(a) consist of at least two different articles which are,
prima facie, classifiable in different headings. ...;
(b) consist of products or articles put up together to meet
a particular need or carry out a specific activity; and
(c) are put up in a manner suitable for sale directly to
users without repacking (e.g., in boxes or in cases or on
The articles at issue here satisfy the criteria of
paragraphs (a), (b) and (c). At least two of the articles are
classifiable in different headings: the software in Heading 8524,
HTSUSA, Records, tapes and other recorded media for sound or
other similarly recorded phenomena..., and the manuals in Heading
4901, HTSUSA, Printed books, brochures, leaflets and similar
printed matter. The articles are put up together to permit
maximum usage of the software and they are saleable directly to
users without repackaging.
Since the articles constitute a set and classification
cannot be made pursuant to GRI 3(a), the essential character of
the set must be determined in accordance with GRI 3(b). EN VIII
to GRI 3(b) (pg. 4) states that:
The factor which determines essential character will
vary as between different kinds of goods. It may, for
example, be determined by the nature of the material or
component, its bulk, quantity, weight or value, or by
the role of a constituent material in relation to the
use of the goods.
After due consideration of the matter, it is the opinion of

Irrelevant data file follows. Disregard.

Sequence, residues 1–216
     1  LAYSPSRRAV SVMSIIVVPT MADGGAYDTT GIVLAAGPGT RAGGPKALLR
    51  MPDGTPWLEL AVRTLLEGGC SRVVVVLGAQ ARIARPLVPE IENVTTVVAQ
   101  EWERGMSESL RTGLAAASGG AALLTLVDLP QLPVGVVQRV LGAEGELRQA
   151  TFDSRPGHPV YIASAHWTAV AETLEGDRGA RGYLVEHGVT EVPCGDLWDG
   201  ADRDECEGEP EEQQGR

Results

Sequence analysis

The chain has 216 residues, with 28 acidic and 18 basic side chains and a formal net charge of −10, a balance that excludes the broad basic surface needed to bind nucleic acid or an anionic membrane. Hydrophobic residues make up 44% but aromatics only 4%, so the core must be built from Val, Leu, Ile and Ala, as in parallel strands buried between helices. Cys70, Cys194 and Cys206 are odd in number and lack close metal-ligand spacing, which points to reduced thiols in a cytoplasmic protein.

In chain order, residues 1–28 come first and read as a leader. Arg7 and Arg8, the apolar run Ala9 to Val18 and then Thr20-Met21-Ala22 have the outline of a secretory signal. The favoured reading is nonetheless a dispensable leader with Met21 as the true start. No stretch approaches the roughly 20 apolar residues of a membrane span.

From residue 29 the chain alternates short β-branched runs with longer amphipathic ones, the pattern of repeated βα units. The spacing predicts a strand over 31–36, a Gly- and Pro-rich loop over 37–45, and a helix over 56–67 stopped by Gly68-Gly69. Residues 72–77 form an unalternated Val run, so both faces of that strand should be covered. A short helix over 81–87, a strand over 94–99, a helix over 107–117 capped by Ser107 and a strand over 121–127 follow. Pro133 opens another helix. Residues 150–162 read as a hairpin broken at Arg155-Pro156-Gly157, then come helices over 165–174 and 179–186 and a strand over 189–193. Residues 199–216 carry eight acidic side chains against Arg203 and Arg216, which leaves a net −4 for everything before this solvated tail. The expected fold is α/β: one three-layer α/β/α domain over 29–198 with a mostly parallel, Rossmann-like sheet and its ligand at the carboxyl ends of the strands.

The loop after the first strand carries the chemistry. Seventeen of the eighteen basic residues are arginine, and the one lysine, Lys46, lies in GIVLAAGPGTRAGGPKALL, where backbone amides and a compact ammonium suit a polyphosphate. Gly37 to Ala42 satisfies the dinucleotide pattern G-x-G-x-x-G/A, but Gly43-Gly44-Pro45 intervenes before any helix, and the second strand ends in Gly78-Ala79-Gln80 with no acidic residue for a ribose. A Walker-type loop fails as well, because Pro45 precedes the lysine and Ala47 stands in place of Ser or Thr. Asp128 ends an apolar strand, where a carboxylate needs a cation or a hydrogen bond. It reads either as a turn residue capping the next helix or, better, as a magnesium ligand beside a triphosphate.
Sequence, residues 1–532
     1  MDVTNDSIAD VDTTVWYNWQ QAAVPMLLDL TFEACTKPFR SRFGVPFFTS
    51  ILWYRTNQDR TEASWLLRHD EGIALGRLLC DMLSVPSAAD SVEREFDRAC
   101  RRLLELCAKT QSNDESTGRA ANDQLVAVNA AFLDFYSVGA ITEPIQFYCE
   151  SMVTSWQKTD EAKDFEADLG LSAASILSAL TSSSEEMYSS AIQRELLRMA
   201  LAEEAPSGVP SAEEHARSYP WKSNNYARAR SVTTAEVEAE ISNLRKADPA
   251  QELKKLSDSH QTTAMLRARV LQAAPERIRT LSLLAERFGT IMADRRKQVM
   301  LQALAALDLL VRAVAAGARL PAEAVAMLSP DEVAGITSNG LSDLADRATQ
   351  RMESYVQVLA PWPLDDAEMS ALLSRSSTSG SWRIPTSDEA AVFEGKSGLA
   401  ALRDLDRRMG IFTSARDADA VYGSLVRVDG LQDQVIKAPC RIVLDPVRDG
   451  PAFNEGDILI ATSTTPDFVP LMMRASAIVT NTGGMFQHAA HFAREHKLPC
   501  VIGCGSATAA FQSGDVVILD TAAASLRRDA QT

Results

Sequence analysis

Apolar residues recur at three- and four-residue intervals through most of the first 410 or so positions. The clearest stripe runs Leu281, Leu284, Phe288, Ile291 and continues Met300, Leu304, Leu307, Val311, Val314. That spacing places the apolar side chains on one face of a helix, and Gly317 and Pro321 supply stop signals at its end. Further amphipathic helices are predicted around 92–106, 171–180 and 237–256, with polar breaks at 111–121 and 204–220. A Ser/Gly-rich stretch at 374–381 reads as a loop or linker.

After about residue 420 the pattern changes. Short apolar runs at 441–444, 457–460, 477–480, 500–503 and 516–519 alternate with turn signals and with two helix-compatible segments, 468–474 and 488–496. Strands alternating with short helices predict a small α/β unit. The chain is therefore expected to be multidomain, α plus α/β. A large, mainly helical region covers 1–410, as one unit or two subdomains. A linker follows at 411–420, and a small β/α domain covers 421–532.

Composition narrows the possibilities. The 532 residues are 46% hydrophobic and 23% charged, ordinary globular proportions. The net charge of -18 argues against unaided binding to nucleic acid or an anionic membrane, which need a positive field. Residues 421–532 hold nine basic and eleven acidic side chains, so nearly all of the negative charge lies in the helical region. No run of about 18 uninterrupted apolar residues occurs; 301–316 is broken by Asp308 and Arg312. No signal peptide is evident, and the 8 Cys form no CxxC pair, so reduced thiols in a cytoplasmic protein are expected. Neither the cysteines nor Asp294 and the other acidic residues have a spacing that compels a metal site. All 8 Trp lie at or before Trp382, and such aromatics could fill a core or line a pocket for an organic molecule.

this office that the software imparts the essential character of
the set. The software is what makes a purchaser choose the set.
As to the relation of the software to the use of the other goods,
a purchaser must get the software before instruction manuals or a
"right to copy" certificate are of any use whatsoever.
The software is classifiable in subheading 8524.90.4080,
HTSUSA, as follows:
8524 Records, tapes and other recorded media for sound
or other similarly recorded phenomena, including
matrices and masters for the production of records,
but excluding products of chapter 37:
* * *
* * *
* * *
See for example HQ 950675 (January 7, 1992), "Recorded media in
the form of software has been consistently classified by Customs
in subheading 8524.90.40, HTSUS, whether or not it is entered
with apparatus for which it is intended."
Where manuals and certificates are shipped together, we are
presented with a situation requiring the analysis outlined above.
No single tariff provision provides for both the manuals and
certificate. The articles are considered a set for tariff
purposes with the manuals providing the essential character.
Someone already having access to the software but lacking
instructional manuals would find the software useless.
The manuals are considered technical books and are
classifiable in subheading 4901.99.0050, HTSUSA, as follows:
4901 Printed books, brochures, leaflets and similar
printed matter, whether or not in single sheets:
* * *
* * *
* * *
4901.99.0050 Technical, scientific and
The certificate, or "right to copy" license is classifiable,
pursuant to a GRI 1 analysis in subheading 4907.00.0000, HTSUSA,
as a "similar document of title", as follows: 4907.00.0000Unused postage, revenue or similar stamps of
current or new issue in the country to which they
are destined; stamp-impressed paper; banknotes;
check forms; stock, share or bond certificates and
similar documents of title
The certificates fit within the description in EN 49.07 (pg.
These products comprise:
* * *
(F) Stock, share or bond certificates and similar documents
of title. These are formal documents issued, or for
issue, by public or private bodies conferring ownership
of, or entitlement to, certain financial interests,
goods or benefits named therein. * * *
* * *
Transaction value is defined by 402(b)(1) of the Tariff Act
of 1930, as amended by the Trade Agreements Act of 1979 (TAA, 19
U.S.C. 1401a(b)) as "the price actually paid or payable for the
merchandise when sold for exportation to the United States..."